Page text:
Piroxicam is used for anti-inflammatory and analgesic effects in the symptomatic treatment of rheumatoid arthritis, osteoarthritis, and other inflammatory conditions.
The potential benefits and risks of piroxicam therapy as well as alternative therapies should be considered prior to initiating piroxicam therapy. The lowest possible effective dosage and shortest duration of therapy consistent with treatment goals of the patient should be employed.
Rheumatoid Arthritis and Osteoarthritis
Piroxicam is used in the symptomatic treatment of acute and chronic rheumatoid arthritis and osteoarthritis.
When used in the symptomatic treatment of rheumatoid arthritis or osteoarthritis, piroxicam has relieved pain and stiffness and has increased range of motion and functional activity. Anti-inflammatory and analgesic effects of piroxicam usually are observed during initial treatment of rheumatoid arthritis or osteoarthritis with a progressive increase in response occurring over 8-12 weeks. Piroxicam appears to be only palliative in these conditions and has not been shown to permanently arrest or reverse the underlying disease process. Most clinical studies have shown that the anti-inflammatory and analgesic effects of usual dosages of piroxicam in the treatment of rheumatoid arthritis or osteoarthritis are at least equal to those of usual dosages of salicylates, ibuprofen, indomethacin, or naproxen. In controlled clinical trials of 12-weeks' duration, 20 mg of piroxicam daily was as effective as 3-4.2 g of aspirin daily in patients with rheumatoid arthritis or 2.6-3.9 g of aspirin daily in patients with osteoarthritis.
Patient response to oral NSAIAs is variable; patients who do not respond to or cannot tolerate one NSAIA might be successfully treated with a different agent. However, NSAIAs are generally contraindicated in patients in whom sensitivity reactions (e.g., urticaria, bronchospasm, severe rhinitis) are precipitated by aspirin or other NSAIAs.
(See Cautions: Precautions and Contraindications.)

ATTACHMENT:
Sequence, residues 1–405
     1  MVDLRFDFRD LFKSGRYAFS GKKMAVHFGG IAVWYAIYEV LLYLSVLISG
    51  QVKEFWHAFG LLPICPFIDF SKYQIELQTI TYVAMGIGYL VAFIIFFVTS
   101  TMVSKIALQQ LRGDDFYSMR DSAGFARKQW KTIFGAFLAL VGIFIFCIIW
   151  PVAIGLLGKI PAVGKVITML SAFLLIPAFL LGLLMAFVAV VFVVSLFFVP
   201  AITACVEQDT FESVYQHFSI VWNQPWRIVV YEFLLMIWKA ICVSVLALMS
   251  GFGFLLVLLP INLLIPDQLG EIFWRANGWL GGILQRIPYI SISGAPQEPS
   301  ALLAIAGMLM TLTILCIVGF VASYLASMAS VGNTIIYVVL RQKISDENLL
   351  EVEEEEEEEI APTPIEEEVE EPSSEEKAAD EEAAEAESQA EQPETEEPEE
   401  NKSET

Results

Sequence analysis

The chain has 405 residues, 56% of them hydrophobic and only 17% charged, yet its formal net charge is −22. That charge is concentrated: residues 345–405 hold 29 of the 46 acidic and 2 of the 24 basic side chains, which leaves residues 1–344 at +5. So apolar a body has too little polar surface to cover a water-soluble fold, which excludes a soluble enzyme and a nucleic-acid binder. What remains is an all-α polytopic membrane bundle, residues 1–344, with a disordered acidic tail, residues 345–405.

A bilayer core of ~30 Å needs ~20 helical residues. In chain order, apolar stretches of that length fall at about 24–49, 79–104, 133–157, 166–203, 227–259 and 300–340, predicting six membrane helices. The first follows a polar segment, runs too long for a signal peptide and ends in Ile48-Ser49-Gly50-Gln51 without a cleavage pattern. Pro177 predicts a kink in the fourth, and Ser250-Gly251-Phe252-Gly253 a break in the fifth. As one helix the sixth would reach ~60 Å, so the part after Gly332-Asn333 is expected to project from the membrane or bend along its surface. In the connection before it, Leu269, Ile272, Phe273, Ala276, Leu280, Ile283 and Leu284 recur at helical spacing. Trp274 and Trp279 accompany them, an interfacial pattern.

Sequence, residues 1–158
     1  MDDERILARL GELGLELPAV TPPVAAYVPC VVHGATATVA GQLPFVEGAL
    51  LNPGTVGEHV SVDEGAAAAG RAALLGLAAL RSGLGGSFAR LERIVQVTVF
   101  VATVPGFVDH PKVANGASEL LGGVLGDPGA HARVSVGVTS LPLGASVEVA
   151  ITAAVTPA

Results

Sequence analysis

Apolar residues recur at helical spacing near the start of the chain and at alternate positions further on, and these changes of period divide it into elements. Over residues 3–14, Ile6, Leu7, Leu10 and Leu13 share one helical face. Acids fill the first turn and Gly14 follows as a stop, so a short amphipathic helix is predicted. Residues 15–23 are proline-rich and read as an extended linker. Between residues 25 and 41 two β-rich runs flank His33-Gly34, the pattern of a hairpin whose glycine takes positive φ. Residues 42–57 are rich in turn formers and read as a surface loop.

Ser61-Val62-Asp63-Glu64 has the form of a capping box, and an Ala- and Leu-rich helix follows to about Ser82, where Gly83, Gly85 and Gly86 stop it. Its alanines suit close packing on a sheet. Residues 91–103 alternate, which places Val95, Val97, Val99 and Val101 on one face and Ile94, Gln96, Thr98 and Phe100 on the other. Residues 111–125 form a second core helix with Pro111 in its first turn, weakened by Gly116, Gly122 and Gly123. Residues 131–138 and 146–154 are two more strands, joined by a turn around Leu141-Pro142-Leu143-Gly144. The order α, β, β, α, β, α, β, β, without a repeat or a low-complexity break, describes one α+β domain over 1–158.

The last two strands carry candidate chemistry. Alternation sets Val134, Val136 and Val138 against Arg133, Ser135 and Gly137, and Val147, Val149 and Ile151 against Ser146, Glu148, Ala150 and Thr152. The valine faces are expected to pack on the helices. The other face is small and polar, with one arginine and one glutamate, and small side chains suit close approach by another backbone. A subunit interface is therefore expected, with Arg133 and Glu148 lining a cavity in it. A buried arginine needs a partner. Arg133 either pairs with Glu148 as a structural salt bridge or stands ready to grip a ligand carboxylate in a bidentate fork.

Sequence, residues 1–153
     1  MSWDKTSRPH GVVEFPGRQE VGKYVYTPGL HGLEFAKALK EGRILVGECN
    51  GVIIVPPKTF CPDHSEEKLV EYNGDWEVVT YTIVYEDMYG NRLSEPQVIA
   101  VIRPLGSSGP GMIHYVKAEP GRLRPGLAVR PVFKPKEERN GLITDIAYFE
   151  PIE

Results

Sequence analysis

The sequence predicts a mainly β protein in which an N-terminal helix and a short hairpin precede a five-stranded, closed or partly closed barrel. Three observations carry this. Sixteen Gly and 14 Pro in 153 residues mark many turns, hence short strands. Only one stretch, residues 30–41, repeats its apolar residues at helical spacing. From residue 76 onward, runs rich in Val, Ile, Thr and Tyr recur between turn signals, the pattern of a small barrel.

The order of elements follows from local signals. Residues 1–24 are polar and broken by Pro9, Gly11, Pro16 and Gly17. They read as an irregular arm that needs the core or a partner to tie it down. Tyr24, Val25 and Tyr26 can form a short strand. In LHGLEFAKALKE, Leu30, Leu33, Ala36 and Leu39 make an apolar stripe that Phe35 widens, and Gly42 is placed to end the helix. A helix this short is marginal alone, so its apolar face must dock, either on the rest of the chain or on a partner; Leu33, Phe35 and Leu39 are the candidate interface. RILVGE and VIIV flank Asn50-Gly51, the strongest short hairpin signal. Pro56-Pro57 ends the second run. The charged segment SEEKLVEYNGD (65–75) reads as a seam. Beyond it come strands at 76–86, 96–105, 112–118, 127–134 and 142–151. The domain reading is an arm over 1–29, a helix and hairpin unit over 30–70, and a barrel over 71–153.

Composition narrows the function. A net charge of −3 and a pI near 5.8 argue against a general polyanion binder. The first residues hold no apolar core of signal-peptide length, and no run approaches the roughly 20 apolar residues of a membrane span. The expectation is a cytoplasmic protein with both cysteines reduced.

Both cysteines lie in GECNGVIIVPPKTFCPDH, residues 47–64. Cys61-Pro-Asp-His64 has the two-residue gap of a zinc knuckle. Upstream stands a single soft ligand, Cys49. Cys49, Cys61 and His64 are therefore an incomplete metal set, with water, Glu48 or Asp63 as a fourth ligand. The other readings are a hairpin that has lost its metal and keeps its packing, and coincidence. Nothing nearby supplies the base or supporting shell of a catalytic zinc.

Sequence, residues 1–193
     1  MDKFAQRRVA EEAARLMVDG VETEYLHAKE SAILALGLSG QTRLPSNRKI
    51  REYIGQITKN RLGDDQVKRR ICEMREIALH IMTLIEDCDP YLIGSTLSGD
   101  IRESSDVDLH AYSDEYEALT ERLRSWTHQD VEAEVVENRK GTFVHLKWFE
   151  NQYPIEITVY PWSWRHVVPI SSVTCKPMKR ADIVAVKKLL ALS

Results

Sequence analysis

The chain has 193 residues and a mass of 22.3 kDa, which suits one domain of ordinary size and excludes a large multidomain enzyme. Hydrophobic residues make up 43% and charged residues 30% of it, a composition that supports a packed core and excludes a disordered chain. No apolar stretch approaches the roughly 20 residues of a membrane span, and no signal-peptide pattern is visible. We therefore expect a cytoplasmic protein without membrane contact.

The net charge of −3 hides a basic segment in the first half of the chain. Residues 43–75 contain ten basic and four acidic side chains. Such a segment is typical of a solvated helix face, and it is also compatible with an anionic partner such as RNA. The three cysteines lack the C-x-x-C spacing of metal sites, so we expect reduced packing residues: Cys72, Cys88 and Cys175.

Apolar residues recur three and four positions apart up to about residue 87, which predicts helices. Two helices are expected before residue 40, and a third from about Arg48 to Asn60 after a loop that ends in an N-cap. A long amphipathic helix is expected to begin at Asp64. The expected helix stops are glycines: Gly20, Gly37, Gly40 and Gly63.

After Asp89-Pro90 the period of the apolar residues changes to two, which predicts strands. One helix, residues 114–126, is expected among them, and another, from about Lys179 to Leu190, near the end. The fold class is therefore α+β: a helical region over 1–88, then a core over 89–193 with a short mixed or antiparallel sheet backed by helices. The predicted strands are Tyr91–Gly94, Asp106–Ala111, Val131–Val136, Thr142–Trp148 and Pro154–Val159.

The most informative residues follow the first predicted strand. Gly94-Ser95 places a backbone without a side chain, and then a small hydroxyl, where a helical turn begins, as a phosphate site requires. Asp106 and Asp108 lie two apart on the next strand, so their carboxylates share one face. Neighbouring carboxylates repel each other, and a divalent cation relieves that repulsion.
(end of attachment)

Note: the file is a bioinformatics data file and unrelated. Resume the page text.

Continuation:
In the management of rheumatoid arthritis in adults, NSAIAs may be useful for initial symptomatic treatment; however, NSAIAs do not alter the course of the disease or prevent joint destruction. Disease modifying antirheumatic drugs (DMARDs) (e.g., azathioprine, cyclosporine, etanercept, oral or injectable gold compounds, hydroxychloroquine, infliximab, leflunomide, methotrexate, minocycline, penicillamine, sulfasalazine) have the potential to reduce or prevent joint damage, preserve joint integrity and function, and reduce total health care costs, and all patients with rheumatoid arthritis are candidates for DMARD therapy. DMARDs should be initiated early in the disease course and should not be delayed beyond 3 months in patients with active disease (i.e., ongoing joint pain, substantial morning stiffness, fatigue, active synovitis, persistent elevation of erythrocyte sedimentation rate [ESR] or C-reactive protein [CRP], radiographic evidence of joint damage) despite an adequate regimen of NSAIAs. NSAIA therapy may be continued in conjunction with DMARD therapy or, depending on patient response, may be discontinued.
Piroxicam has been administered concomitantly with a fixed regimen of gold compounds and corticosteroids, but it has not been established whether these combinations are more effective than any of the drugs alone.
Other Inflammatory Conditions
Piroxicam has been effective at higher than usual dosages (i.e., 40 mg daily) for the symptomatic relief of acute gouty arthritis. In one study in patients with gouty arthritis, analgesic effects reportedly occurred within 2-4 hours after the initial dose of piroxicam, and relief from pain and swelling was complete after 5 days of therapy with the drug.
Piroxicam has been used for symptomatic relief of ankylosing spondylitis. The drug appears to be as effective as phenylbutazone (no longer commercially available in the US) or indomethacin for the management of this condition, but is generally better tolerated.
Piroxicam has also been used for symptomatic treatment of acute musculoskeletal disorders. The drug appears to be as effective as phenylbutazone (no longer commercially available in the US), but may be less effective than indomethacin for the management of these conditions.
Piroxicam has been used for symptomatic relief of postoperative or postpartum pain. For the relief of episiotomy pain, piroxicam appears to be as effective as aspirin.
Piroxicam has also been used for symptomatic relief of dysmenorrhea. In patients with severe dysmenorrhea, piroxicam decreased severity of cramps and supplemental analgesic (e.g., acetaminophen) requirements.
Results from a large, prospective, population-based cohort study in geriatric individuals indicate a lower prevalence of Alzheimer's disease among patients who received an NSAIA for 2 years or longer. Similar findings have been reported from some other, but not all, observational studies.